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Patriots Give It a Rave Review

AFC: Raiders snowed under in overtime, 16-13, after controversial call leads to tying field goal in regulation.

January 20, 2002|ROBYN NORWOOD | TIMES STAFF WRITER

FOXBORO, Mass. — Nobody would have given the New England Patriots a snowball's chance in August to play for the AFC championship this season.

Their chances seemed just as slim with less than two minutes left in regulation Saturday, when the Raiders started to celebrate after linebacker Greg Biekert pounced on the ball in four inches of snow, recovering New England quarterback Tom Brady's apparent fumble with Oakland leading by three.

Leave it to instant replay and a New England kicker from South Dakota State to turn the Raiders' Super Bowl hopes into slush with a 16-13 overtime loss.

After Brady's fumble was reversed--officials ruled his arm was moving forward in a throwing motion, making it an incomplete pass--the Patriots kept their drive alive and Adam Vinatieri kicked a 45-yard field goal with 27 seconds left to force overtime.

Vinatieri was a hero again in sudden death, this time with a chip shot, a 23-yarder that beat the Raiders on the first possession of overtime and sent the Patriots to the AFC title game against the winner of today's Pittsburgh-Baltimore game.

It was a crushing blow for the Raiders, who led by 10 points in the fourth quarter--and never trailed until the moment they lost.

In silver-and-black lore, it will go down as one more item for the conspiracy theorists.

"People try to say what goes on between the league and Al Davis doesn't affect what goes on on the field," receiver Tim Brown said, discussing the call.

"We've played two teams in a row that didn't have any penalties. [Actually, New England had one and Oakland had four.] I watched them jump offsides not two but three times before they kicked the field goal. We let it come down to the officials, and in this game you can't do that."

On a day when the snow began falling several hours before the game and continued throughout, lying four inches deep except where snow blowers cleared the yard lines during stoppages, no one would have expected kickers to thrive.

But the Raiders' Sebastian Janikowski kicked field goals of 38 and 45 yards, and Vinatieri kicked the game-tying and game-winning field goals.

In a moment that brought to mind the "Snowplow Game" of 1982 against Miami, Vinatieri and holder Ken Walter spent the timeout called by Oakland before his game-winning kick clearing an area of the snow--but only with the aid of their cleats.

"I'm not sure that quote-unquote icing the kicker works," Vinatieri said. "In a game like this, having a little extra time to clear the field is not a bad thing."

His kick sent the crowd of 60,020--amazingly there were only 272 no-shows--into delirious celebration.

Raider Coach Jon Gruden, who wore a sun visor whose brim became laden with snow, disagreed with the reversal on the fumble, but not vociferously.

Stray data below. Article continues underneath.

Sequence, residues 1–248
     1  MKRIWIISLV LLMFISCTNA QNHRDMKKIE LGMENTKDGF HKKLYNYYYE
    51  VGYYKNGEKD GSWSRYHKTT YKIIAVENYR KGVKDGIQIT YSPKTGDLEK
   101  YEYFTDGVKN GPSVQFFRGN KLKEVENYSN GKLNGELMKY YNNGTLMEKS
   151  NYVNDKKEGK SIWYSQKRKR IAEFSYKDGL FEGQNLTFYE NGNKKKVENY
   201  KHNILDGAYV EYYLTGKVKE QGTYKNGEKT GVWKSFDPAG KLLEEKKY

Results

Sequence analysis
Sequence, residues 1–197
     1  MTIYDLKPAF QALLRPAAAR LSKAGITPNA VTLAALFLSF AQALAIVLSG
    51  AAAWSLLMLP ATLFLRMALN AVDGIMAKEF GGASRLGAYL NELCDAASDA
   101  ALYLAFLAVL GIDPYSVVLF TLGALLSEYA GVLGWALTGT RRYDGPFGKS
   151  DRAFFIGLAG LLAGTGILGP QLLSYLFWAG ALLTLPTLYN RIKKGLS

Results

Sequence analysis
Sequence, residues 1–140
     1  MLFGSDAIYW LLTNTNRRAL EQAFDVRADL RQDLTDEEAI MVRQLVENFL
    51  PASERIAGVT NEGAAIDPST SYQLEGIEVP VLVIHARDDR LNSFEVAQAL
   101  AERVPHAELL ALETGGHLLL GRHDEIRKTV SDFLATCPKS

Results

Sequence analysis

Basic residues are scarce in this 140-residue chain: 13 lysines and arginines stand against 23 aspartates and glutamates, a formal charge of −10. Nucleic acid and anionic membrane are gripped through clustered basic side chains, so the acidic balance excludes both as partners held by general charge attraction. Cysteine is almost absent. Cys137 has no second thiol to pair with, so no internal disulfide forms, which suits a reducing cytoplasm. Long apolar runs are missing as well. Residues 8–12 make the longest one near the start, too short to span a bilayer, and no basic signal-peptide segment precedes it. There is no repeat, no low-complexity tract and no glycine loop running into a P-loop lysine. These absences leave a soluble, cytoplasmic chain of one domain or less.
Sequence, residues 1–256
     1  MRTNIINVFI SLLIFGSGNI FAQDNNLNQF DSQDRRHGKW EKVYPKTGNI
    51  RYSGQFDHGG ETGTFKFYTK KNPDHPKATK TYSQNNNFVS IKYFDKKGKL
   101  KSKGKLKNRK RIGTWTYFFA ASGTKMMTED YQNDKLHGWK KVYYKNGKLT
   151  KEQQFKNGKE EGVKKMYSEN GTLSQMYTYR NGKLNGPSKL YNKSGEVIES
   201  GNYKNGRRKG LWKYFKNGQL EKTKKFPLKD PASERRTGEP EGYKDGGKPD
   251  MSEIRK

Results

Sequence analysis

"It was obvious I thought it was a fumble, but the officials thought otherwise," he said.

Referee Walt Coleman told a pool reporter why he reversed his call after the replay was signaled from upstairs, the rule in the final two minutes.

"Obviously, what I saw on the field, I thought the ball came out before his arm was going forward so that's why I ruled a fumble.

"Then when I got over to the replay monitor and looked at it, it was obvious that his arm was coming forward. He was trying to tuck the ball and they just knocked it out of his hand. His hand was coming forward, which makes it an incomplete pass."

Coleman said Brady would have had to either get the ball all the way down or lose it before his arm started moving forward for it to be a fumble.

Charles Woodson, the Raider who hit Brady, was firm.

"It was clearly a fumble," he said. "They got a second chance, and they made the most of it."

For New England fans with long memories, it was payback for the 1976 playoff game against the Raiders when referee Ben Dreith made a questionable roughing-the-passer call against New England that led to Oakland's winning score.

This time, credit went to Brady for two fine drives, and a resurgent second half.

Six for 13 for 74 yards in the first half, he and the Patriots abandoned their cautious running attack in the second half.

Brady directed a drive for a field goal on the opening possession of the third quarter, going to the air.

He finished 32 for 52 for 312 yards with one interception.

The Raiders' Rich Gannon was 17 for 31 for 159 yards, throwing a touchdown pass to James Jett in the first half on a drive that began at the 50 because of a punt coverage penalty against the Patriots.

In the second half, the Patriots went repeatedly to David Patten, who finished with 107 yards in eight catches.

Brady scored on a six-yard keeper to cut the lead to 13-10 with 7:52 left in the fourth.

As time ran down after Brady's fumble was reversed, the Patriots still faced second and 10 from the Oakland 42 with 1:47 left.

Brady hit Patten for 13 yards, and after two incompletions, carried the ball one yard to the 28, setting up Vinatieri's tying kick.

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